Reimbursement and Investment: Prospective Payment and For-Profit Hospital’s Market Share. Seungchul Lee Robert Rosenman Forthcoming, Journal of Industry, Commerce and Trade. Motivation for the research comes from two observations:
Reimbursement and Investment: Prospective Payment and For-Profit Hospital’s Market Share
Journal of Industry, Commerce and Trade
Motivation for the research comes from two observations:
Raises the question:
What has changed in the hospital market?
What this paper does:
Literature (continued) – Explanations for mixed competition
Literature (continue)– Prospective Payment and Quality
A Model of hospital market competition
where f is the for-profit hospital and n is the not-for-profit hospital, indexes each hospital’s demand and is the demand for the for-profit hospital, as a share of total demand, given by N.
where the utility function has normal properties and costs are increasing in quality investment (t1n) and decreasing in cost saving investment (t2n).
Retrospective Reimbursement at Average Cost
By definition, profit for the for-profit hospital is 0, since price equals average cost. It invests nothing in quality enhancing because it gains nothing by doing so.
Not-for-profit problem becomes
Leading to proposition 1:
Proposition 1:When the government pays the full cost of treatment and hospitals are reimbursed their average total cost, the not-for-profit hospital invests only in quality enhancing technology and obtains the globally maximal level of quality. Meanwhile the for-profit hospital has no incentive to make investments in either type of technology.
Proof: We assume with no incentive to make an investment, a hospital will not. Because they are reimbursed for AC, neither hospital has any incentive to control costs, hence t2n=t2f=0. By the same logic, t1f=0and so qf(t1f=0)=qmin.
The NFP faces the equivalent of the unconstrained maximization problem
Because retrospective reimbursement ensures that all costs are covered. Hence the FONC is
By strict monotonicity of the utility function and the demand function, this holds only when qn/ t1n=0 which occurs when t1n=t1opt.
Corollary 1:Under retrospective reimbursement Qn>Qf.
Proof: Because of the nature of demand, a higher quality hospital gets a larger market share. By proposition 1, t1n=t1opt>0=t1fso the NFP has higher quality.
assume both hospitals are reimbursed prospectively, and the prices of both hospitals are identical ().
FONC for for-profit hospital:
FONC for not-for-profit hospital:
Proposition 2Under full government payment of patients’ costs, when hospitals are reimbursed prospectively the same amounts;
P21: The for-profit hospital invests in both technologies but does not reach the globally maximum quality.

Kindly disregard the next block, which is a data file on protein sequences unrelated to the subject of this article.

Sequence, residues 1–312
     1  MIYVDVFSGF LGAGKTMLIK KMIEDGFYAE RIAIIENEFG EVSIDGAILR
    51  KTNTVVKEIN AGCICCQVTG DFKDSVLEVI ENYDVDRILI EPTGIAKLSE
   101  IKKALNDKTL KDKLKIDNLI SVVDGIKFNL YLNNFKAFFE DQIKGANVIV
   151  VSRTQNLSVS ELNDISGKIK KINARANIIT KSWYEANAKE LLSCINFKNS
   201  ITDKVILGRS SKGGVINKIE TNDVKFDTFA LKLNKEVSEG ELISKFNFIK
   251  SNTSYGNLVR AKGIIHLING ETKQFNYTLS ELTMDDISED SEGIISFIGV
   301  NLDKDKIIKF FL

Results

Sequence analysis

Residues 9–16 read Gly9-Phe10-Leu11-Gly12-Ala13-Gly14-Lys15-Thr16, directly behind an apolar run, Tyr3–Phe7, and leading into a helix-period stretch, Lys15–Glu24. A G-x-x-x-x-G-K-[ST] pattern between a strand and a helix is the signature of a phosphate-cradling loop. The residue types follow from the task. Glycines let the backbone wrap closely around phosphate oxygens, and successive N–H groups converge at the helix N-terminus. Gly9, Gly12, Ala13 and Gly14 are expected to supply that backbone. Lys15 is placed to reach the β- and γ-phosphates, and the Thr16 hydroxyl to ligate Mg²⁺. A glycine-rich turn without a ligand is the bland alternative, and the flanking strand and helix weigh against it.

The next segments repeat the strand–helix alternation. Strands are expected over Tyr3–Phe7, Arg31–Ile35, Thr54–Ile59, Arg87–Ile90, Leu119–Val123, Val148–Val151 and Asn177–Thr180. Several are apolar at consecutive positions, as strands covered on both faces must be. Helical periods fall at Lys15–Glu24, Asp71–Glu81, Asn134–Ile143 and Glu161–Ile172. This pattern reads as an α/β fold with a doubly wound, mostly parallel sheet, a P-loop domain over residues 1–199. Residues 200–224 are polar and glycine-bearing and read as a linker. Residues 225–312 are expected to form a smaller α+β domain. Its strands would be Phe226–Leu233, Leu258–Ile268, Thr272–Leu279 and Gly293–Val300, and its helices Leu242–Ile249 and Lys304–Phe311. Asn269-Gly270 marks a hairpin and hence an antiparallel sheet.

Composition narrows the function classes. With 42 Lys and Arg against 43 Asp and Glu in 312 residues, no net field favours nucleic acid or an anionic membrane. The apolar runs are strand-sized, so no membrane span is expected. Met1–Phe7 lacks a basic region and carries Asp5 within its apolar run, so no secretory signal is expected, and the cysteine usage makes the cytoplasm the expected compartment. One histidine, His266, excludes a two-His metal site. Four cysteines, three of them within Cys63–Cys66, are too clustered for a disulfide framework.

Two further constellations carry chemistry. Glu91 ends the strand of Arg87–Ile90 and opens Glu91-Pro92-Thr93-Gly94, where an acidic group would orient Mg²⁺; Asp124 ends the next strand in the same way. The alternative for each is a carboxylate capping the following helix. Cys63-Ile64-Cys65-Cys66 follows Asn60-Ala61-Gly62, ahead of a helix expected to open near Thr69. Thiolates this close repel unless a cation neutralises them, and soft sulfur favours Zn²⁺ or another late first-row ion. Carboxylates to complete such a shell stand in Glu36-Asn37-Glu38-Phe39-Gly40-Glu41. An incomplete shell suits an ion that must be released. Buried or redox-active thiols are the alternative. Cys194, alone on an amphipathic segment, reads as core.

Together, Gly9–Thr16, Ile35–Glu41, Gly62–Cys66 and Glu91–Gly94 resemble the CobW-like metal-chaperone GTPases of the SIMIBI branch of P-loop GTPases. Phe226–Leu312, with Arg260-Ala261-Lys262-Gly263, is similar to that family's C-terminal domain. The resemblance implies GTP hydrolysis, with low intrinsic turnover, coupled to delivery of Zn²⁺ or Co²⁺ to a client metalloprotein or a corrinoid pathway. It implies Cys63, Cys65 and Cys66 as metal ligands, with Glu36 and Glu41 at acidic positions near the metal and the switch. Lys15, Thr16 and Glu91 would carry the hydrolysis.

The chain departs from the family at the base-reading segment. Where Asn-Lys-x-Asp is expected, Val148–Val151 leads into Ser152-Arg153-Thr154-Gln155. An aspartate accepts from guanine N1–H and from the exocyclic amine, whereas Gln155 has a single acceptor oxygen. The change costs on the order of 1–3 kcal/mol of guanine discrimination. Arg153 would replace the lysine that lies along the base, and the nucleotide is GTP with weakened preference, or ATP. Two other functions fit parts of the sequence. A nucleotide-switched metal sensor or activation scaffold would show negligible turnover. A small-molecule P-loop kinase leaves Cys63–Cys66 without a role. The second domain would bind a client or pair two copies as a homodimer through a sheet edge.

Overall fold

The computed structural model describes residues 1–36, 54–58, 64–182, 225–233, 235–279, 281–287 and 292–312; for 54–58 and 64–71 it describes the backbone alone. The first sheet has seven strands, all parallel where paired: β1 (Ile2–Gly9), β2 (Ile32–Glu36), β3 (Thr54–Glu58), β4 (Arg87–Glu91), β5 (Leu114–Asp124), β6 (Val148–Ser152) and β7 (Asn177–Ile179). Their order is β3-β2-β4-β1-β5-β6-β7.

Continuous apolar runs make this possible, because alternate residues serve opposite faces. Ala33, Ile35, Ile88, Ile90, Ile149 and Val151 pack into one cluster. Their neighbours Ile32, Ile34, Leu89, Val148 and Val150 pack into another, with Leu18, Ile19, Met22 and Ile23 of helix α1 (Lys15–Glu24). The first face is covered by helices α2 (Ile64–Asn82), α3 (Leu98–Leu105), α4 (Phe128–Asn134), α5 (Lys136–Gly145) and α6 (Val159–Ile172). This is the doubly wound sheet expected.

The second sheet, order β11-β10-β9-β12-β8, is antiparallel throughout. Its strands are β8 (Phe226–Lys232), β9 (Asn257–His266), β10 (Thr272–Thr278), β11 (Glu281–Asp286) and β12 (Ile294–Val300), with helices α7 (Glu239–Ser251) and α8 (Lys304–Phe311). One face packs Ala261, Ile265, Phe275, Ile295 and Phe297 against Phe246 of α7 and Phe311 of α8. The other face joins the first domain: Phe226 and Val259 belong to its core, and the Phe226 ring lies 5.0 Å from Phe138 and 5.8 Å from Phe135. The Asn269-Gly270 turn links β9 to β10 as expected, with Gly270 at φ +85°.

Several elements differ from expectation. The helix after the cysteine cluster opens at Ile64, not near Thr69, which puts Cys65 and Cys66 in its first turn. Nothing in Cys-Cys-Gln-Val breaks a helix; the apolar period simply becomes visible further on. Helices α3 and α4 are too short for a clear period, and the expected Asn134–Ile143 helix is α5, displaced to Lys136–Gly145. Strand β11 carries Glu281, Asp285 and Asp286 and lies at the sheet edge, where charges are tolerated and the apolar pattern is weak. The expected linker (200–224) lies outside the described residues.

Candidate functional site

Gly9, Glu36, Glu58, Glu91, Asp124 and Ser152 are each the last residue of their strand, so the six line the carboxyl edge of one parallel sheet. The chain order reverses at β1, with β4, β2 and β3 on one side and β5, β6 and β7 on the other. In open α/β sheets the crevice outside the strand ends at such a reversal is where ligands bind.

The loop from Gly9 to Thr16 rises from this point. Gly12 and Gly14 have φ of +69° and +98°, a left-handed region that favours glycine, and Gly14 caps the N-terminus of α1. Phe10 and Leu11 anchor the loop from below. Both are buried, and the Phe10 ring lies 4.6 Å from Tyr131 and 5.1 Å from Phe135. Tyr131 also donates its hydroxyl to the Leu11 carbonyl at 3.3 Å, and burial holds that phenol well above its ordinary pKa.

P22: The not-for-profit hospital invests in both technologies if the revenue constraint is binding, but does not reach the globally maximizing quality.
P23: The not-for-profit hospital invests only in quality technology if the revenue constraint is not binding, and reaches the globally maximum quality.
P24: If the revenue constraint is binding the not-for-profit hospital invests more in both technologies than does the for-profit hospital.
P21: From FOC of the FP hospital which requires t2f >0. We also see that
which requires that 0<t1f<t1opt.
P22: From the FOC for the NFP hospital
The term in brackets on the RHS is positive if >0 which means that 0<t1n<t1opt to ensure the LHS is also positive. If t1n=t1opt the LHS=0. Additionally,
requires t2n >0.
P23: If =0 the revenue constraint is non-binding and so
which is achieved only if t1n=t1opt. The investment in cost saving technology is undefined but there is no incentive to do so.
P24: >0. For quality improving technology notice that for the NFP hospital
We know the LHS is positive, hence so is the RHS. But for the FP hospital
The graph on the next slide shows that this inequality requires t1n>t1f.
Corollary 2:The dominance of the not-for-profit hospital under both retrospective and prospective reimbursement is not due to its ability to raise revenue through donations. They have no effect on market share under retrospective payment. Donations increase the not-for-profit hospital dominance when payment is prospective.
1: The quality of care given by the not-for-profit hospital under a retrospective reimbursement system exceeds the quality it provides under the prospective payment unless the revenue constraint is non-binding, and its market dominance is stronger.
2:The quality of care given by the for-profit hospital under a retrospective reimbursement system is less than the quality it provides under the prospective payment and it better competes for market share.